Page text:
'He'll Have To Go': Popular music and the Social Performing of Memory
doi:10.5429/2079-3871(2010)v1i1.4en

Nedim Hassan

Abstract


Studies of music listening have often relied upon what people say and write about listening in order to discuss its significance to memory. While this approach has provided useful insights into connections between musical activity and memory, this article will make clear that such an approach often neglects what people do when listening and remembering. This account will present an ethnographic case study focusing on John, a 64 year old man who, on the surface, seems to have great difficulty with coherently elucidating his memories. However, it will be revealed that musical performing constitutes a valuable resource for John; enabling him to communicate his memories in ways that are powerfully affective and to construct a positive sense of self-identity. Thus, the article will provide an insight into the potential advantages of utilising ethnographic research to attend to performative elements of music-related remembering, but it will also explore some of the methodological difficulties that are involved with this approach.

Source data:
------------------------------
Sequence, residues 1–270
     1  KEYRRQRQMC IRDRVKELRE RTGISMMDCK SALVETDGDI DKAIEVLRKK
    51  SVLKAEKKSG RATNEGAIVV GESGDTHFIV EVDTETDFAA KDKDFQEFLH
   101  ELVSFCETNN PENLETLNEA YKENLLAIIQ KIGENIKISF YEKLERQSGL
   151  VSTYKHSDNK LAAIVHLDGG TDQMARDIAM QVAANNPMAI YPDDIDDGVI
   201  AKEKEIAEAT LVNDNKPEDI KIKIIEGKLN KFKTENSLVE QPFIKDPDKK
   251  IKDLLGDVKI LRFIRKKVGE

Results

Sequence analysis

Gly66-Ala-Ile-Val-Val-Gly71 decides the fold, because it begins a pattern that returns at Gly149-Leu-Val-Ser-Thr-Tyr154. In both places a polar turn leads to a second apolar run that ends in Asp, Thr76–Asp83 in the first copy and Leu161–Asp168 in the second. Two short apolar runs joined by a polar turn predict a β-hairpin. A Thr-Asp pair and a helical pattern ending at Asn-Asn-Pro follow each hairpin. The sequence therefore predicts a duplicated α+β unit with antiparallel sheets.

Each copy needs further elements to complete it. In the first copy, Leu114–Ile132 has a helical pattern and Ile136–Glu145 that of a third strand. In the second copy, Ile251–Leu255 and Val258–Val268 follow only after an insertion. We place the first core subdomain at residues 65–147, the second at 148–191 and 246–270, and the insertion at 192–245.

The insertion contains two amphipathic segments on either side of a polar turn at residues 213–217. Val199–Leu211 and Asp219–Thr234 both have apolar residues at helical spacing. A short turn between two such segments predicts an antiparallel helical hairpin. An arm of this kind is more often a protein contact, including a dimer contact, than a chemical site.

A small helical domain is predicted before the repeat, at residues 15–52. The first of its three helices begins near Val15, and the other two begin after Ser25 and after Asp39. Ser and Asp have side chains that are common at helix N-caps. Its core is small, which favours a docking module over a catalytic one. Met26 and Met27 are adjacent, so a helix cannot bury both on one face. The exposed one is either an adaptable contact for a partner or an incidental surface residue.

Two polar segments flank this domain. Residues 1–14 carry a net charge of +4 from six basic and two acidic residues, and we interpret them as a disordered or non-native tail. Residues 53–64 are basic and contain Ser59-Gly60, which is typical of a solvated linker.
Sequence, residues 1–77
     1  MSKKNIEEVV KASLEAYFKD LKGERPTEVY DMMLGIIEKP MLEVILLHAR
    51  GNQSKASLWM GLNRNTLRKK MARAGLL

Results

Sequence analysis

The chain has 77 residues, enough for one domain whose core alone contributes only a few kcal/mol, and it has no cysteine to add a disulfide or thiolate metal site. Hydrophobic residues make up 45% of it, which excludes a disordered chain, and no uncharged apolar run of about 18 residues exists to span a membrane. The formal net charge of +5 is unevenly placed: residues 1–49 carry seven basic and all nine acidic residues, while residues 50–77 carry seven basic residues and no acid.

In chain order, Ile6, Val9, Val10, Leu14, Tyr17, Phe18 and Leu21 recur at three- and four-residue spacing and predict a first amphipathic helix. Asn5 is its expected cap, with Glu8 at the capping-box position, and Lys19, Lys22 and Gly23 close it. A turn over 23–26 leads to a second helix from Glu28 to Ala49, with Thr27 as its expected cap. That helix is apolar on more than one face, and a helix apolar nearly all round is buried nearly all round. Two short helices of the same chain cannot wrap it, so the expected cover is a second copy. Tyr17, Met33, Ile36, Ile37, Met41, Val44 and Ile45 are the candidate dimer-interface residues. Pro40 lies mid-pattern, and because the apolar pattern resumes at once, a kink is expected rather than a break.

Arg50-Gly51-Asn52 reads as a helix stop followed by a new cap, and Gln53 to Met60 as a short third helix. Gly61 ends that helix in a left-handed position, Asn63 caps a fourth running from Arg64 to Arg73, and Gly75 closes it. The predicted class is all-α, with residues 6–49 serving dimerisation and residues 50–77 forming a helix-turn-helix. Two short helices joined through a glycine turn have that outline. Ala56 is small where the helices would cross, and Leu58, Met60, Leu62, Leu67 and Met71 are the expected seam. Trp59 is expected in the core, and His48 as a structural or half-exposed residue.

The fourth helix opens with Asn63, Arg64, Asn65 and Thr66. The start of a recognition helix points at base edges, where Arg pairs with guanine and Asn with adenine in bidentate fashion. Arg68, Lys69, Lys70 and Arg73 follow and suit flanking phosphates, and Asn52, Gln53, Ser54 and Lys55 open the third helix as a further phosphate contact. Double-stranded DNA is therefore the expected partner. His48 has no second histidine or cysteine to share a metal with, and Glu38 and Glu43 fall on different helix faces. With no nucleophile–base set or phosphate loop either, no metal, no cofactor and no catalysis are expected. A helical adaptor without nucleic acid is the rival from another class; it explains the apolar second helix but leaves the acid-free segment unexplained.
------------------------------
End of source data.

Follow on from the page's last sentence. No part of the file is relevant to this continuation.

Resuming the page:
Keywords


musical performing; memory; identity; embodiment; ethnography

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